Mutating Bird Flu Virus Better Able to Infect Humans

MADISON, Wisc. – Researchers at the University of Wisconsin-Madison are saying the H5N1 avian flu virus has been slowly evolving so that it can more easily infect humans.

Dr. Yoshihiro Kawaoka, the lead scientist of the study, says his team has identified a change in a viral protein that now enables the virus to develop in the upper respiratory systems of humans. This may allow H5N1 to spread more easily, eventually leading to a possible pandemic outbreak like the 1918 Spanish flu, which killed at least 30 million people around the world.

Kawaoka says the viruses circulating now in Africa and Europe are the ones closest to becoming a human virus. He noted, however, that other currently undetermined changes need to happen to it before its effect can reach pandemic proportions.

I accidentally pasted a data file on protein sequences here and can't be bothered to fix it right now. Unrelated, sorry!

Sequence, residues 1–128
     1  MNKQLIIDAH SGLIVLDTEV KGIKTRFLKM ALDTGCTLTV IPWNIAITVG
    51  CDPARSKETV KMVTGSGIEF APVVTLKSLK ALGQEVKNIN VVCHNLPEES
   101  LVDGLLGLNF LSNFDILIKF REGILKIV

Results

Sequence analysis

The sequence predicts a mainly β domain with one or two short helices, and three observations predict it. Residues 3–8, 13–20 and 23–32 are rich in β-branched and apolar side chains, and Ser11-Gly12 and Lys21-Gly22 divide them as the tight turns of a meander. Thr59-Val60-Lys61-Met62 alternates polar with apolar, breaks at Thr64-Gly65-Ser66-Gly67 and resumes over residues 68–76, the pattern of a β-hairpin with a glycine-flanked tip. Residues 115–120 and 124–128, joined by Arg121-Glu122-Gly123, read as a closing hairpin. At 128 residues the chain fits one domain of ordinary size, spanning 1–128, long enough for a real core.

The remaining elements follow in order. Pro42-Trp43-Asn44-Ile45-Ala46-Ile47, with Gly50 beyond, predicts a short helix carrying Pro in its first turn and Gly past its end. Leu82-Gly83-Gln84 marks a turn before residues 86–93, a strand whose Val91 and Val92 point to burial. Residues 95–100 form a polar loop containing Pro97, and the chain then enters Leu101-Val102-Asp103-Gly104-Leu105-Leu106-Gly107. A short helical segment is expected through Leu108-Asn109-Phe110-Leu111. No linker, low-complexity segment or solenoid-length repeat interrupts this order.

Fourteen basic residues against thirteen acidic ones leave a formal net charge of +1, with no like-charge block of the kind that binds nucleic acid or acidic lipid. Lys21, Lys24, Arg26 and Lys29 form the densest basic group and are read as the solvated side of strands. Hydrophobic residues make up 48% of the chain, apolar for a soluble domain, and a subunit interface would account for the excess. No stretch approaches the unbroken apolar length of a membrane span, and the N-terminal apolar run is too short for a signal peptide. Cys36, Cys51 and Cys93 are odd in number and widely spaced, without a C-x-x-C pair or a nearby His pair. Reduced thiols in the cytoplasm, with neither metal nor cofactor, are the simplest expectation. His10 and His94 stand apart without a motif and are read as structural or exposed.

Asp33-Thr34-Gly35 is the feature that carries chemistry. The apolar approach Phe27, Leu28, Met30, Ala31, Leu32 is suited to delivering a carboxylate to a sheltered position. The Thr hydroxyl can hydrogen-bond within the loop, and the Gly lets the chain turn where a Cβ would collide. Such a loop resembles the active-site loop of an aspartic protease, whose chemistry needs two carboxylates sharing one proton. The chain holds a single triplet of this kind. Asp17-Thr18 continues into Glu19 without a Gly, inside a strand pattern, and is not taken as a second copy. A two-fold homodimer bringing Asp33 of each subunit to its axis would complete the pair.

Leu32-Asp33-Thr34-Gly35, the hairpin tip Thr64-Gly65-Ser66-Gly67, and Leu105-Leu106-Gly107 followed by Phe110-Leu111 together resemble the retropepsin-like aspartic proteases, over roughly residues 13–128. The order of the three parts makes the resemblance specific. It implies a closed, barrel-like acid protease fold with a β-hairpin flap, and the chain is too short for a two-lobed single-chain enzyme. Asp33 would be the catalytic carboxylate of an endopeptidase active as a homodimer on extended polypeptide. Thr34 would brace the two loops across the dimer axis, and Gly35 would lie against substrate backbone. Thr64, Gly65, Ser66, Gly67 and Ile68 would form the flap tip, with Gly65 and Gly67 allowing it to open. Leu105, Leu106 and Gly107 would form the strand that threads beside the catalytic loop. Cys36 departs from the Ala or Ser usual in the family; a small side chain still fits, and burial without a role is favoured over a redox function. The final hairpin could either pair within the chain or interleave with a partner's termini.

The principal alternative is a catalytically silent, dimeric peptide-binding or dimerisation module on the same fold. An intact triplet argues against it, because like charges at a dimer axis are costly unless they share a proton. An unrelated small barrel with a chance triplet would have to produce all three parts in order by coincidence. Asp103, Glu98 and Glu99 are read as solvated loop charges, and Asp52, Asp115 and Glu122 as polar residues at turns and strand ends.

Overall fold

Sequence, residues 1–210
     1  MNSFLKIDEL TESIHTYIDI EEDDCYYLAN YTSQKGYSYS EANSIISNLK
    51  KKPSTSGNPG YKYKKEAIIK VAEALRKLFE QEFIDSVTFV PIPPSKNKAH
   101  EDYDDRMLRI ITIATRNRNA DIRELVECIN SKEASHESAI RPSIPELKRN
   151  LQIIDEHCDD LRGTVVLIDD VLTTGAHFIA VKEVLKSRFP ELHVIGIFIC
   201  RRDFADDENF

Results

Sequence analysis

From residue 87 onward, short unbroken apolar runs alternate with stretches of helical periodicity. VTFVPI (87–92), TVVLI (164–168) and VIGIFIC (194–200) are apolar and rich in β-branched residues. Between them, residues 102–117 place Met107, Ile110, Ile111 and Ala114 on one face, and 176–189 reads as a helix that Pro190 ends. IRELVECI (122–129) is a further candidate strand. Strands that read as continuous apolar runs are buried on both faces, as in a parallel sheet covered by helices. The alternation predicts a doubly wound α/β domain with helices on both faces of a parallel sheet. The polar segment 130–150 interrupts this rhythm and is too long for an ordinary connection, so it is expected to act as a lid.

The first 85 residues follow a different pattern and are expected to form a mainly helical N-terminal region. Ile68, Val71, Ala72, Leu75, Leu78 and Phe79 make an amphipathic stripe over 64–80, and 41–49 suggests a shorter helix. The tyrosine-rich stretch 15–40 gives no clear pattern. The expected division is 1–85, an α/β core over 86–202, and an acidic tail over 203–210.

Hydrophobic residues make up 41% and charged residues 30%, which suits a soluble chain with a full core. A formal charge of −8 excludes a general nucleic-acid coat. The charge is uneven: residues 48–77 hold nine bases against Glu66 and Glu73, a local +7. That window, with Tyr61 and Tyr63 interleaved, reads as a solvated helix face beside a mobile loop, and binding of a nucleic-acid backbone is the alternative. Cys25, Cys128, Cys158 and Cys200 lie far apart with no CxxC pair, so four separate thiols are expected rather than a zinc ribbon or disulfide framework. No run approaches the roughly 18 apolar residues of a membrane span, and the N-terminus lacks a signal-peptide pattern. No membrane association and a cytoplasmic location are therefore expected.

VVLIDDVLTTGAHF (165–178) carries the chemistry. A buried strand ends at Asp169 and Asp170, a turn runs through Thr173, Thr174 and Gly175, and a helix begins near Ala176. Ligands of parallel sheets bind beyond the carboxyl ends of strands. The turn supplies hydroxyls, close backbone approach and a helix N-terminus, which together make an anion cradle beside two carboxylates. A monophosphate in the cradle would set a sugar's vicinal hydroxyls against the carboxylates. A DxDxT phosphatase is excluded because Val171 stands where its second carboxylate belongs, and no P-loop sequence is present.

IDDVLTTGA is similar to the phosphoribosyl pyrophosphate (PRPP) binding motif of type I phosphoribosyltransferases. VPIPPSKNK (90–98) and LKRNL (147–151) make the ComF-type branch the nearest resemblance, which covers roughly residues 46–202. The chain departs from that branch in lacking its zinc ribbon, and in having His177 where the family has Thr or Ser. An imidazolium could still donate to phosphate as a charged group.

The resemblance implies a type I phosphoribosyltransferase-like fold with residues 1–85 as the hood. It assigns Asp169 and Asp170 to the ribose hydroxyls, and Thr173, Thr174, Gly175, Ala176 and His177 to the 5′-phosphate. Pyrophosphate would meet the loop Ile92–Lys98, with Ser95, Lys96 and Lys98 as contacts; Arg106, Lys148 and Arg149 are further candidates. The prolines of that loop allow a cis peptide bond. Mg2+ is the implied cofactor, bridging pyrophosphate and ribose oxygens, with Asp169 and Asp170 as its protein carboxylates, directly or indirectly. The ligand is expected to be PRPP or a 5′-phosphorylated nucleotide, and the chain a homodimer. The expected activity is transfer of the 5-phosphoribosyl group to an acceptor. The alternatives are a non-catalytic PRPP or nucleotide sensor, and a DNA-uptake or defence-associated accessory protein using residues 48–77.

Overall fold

Still, the researchers believe it is inevitable that H5N1 will evolve and become capable of causing a pandemic outbreak.

Of the more than 250 H5N1 human infections that have been reported so far, greater than 150 have been fatal. To date, efficient human-to-human transmission has not happened. Instead, infection has occurred as a result of victims being in close contact with infected birds.

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